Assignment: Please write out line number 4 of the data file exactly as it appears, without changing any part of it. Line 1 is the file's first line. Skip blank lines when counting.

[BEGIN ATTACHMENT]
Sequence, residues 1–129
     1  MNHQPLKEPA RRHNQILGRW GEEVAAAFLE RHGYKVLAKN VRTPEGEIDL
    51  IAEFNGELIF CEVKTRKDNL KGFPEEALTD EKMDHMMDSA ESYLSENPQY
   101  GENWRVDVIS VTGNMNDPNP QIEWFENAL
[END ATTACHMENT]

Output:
   101  GENWRVDVIS VTGNMNDPNP QIEWFENAL